Black And Latino Male Teachers; Childcare For Kids With Disabilities; ‘I Love My Librarian’ Award

 

Alfred Tatum (left), dean of UIC's College of Education, with four students who are part of the 'Call Me MISTER' program: Armando Rivera, Juan Hernandez, Jesus Flores and Ja'Waun Williams.

UIC Photo

On the 21st: Finding the right fit for a daycare is a tough for most parents. But what about if your child has special needs? And, we'll tell you more about the national "I Love My Librarian" Award. But first, we talk about the shortage of black and Latino men in teaching—and how recruiting more can help young boys of color. 

It’s that time of year when students are either already back at school or getting ready to. And if you recall your time in the classroom,  you probably remember sitting down and wondering what your teacher was going to be like.

Well, in the vast majority of classrooms, there’s a huge need for more teachers who are black and Latino men - especially at elementary schools.

Roughly one percent of all public elementary school teachers in Illinois are black men  - and for Latinos, that number is even lower. And research suggests that increasing those numbers can help boys of color develop and succeed.

Nate Wahl is a special education teacher at Yankee Ridge Elementary School in Urbana. We also spoke with UIC’s College of Education Dean Alfred Tatum along with a student: Ja'Waun Williams is a sophomore studying urban education at UIC. Dante Lotts also joined us, he’s a social worker at Wiley Elementary in Urbana.

Plus- 

More than two thirds of childcare providers in Illinois say they struggle to provide care for children with special needs. That’s according to a recent statewide survey conducted by the University of Illinois.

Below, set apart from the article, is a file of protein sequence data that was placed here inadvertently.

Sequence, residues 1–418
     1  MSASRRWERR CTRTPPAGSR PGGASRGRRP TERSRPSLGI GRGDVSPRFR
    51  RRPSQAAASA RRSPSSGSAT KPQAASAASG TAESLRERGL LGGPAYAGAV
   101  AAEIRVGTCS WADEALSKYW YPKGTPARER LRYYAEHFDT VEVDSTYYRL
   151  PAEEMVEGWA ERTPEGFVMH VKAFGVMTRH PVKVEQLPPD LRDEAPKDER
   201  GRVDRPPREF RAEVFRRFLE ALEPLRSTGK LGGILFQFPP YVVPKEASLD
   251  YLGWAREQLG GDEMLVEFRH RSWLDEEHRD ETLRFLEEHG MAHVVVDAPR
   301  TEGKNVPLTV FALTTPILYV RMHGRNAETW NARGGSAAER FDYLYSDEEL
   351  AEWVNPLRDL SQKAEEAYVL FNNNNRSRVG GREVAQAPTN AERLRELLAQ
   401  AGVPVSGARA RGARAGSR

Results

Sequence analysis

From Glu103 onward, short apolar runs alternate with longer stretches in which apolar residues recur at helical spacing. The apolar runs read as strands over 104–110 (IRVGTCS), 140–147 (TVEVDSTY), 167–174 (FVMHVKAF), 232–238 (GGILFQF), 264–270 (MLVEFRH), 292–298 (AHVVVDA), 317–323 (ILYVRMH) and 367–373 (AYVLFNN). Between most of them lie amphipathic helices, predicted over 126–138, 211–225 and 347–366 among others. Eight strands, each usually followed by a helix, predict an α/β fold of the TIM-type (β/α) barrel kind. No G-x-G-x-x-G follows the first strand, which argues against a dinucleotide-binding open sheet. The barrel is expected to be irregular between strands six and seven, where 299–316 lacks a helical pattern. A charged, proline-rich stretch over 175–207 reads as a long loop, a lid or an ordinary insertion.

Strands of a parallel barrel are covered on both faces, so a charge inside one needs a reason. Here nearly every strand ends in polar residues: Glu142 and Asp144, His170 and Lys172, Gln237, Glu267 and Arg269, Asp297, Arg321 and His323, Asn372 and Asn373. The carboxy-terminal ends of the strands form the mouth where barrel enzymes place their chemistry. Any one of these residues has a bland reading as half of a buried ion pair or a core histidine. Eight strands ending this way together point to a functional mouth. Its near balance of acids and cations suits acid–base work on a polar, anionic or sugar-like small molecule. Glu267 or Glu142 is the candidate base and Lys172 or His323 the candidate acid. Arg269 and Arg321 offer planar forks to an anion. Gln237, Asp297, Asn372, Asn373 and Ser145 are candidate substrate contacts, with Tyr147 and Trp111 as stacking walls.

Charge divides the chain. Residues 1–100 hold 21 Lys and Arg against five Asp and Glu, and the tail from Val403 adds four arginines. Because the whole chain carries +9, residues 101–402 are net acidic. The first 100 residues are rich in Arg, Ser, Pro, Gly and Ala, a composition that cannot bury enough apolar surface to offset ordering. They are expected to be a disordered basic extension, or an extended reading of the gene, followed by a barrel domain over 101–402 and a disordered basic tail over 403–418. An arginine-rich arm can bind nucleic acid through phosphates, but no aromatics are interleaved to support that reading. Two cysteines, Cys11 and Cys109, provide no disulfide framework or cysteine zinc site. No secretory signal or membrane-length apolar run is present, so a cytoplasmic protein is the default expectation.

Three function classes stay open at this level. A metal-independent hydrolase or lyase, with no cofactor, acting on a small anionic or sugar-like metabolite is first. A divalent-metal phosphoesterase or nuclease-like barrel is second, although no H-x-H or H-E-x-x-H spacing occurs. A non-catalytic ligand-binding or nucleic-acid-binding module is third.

So, where does that leave you -- if you’re a parent of a child with a disability?

We were joined on the line by Brandy O’Connor. She lives in Decatur with her son Mark, who is 10, and has cerebral palsy.

We also spoke with Lee Gaines, a reporter for the Illinois Newsroom who has been covering this issue. And - joining us on the line from the Chicagoland area was Faye Manaster, project director for the Arc of Illinois, an advocacy organization for children and adults with disabilities.

And- 

Looking for a sci-fi novel recommendation? Need help searching microfilm for an old newspaper story? Maybe you’re writing your doctoral thesis and have a question about westward expansion.

If you’ve ever asked your local librarian, you know that they seem to have the answer for pretty much everything.  

So for those librarians who you feel like do the best job - now through October, The American Library Association is taking your nominations for the I Love Librarian Award, which will honor 10 of the nations top librarians.

Jim Neal joined us, he’s the former president of the American Library Association and is also the chair of the selection committee for the I Love My Librarian Award.

Story source: WILL